Ultimately, sports leagues are businesses. No matter what team you root for, the end goal is for them to make money.
They often operate behind the scenes to maintain the financial stability and, overall, the happiness and success of both the owners and the players.
Hockey fans, for the most part, simply see the end product and maybe a bit of salary cap talk. However, there are a lot of intricate elements that make the league run smoothly.
Think of professional sports like any other job. The owners are the employers, while the players and coaches are the employees. The owners have to issue the players' paychecks, and the players are responsible for putting a good product on the ice.
The National Hockey League (NHL) utilizes a system known as escrow, which plays a critical role in the league's salary cap ecosystem.
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What is escrow in the NHL?
In the National Hockey League (NHL), escrow represents a financial arrangement where a portion of a player's salary is withheld and placed into an account controlled by a third party until specific contractual terms are fulfilled.
At its core, escrow in the NHL ensures that the agreed-upon revenue split between players and owners lines up with the percentages set forth in the Collective Bargaining Agreement (CBA).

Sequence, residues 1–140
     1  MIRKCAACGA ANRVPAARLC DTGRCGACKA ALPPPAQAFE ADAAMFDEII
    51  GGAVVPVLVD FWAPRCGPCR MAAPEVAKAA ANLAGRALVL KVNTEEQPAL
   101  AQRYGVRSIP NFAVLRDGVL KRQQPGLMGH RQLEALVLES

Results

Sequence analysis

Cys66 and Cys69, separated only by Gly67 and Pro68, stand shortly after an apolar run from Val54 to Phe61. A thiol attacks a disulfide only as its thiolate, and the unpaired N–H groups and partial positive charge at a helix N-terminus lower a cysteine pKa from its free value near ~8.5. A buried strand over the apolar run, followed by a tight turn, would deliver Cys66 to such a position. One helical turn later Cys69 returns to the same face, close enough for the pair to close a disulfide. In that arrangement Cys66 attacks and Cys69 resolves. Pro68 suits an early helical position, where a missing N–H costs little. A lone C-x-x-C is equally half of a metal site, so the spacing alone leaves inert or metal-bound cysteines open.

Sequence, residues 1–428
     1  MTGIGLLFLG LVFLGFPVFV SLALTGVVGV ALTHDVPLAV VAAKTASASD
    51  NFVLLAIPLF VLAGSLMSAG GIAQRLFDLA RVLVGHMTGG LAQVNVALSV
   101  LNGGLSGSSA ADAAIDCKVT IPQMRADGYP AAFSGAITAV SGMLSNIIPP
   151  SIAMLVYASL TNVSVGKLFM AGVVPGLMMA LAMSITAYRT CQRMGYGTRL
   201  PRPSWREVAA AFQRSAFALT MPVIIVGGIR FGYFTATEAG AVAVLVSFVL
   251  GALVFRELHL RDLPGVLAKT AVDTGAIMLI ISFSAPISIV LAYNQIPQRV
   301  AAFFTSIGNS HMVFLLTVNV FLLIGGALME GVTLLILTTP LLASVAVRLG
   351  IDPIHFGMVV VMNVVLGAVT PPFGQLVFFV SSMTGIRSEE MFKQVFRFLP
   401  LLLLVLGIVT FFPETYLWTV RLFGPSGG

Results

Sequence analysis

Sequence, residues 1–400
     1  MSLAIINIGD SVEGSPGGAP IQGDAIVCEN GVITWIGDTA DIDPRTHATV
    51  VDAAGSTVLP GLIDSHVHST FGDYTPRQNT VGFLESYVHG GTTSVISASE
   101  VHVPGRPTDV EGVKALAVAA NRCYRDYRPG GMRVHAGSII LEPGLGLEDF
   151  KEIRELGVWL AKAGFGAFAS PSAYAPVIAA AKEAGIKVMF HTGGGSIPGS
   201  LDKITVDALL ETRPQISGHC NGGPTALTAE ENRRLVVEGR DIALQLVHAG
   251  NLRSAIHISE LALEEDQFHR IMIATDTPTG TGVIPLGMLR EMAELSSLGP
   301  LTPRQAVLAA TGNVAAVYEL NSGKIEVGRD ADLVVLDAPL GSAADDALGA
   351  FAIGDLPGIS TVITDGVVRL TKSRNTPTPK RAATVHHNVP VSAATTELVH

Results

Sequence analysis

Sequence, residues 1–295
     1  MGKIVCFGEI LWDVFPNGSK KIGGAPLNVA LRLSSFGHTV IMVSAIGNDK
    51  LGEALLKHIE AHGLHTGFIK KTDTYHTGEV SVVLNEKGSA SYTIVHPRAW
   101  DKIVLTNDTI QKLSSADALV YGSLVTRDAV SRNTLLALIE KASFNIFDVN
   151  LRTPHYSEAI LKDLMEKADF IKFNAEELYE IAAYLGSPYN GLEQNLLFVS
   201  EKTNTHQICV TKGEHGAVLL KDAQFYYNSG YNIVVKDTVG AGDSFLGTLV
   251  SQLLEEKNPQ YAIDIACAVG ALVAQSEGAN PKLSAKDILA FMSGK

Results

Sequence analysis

This is designed to maintain a competitive balance across the league's various markets, which vary widely in size and revenue-generating ability.
Under this system, a portion of the players' salaries is withheld in an escrow account during the season. This escrow money assures that the players' collective share of Hockey-Related Revenues (HRR) does not exceed the predetermined split.
The actual league revenues are calculated after the season ends. If player salaries exceed the agreed percentage of these revenues, the excess is paid back to the owners from the escrow funds. Conversely, if the total salaries fall short of the players' share, the difference is returned to the players from the escrow pool.
Despite its intention to promote financial balance, escrow is a frequent point of contention among players, primarily because it can significantly affect their take-home pay.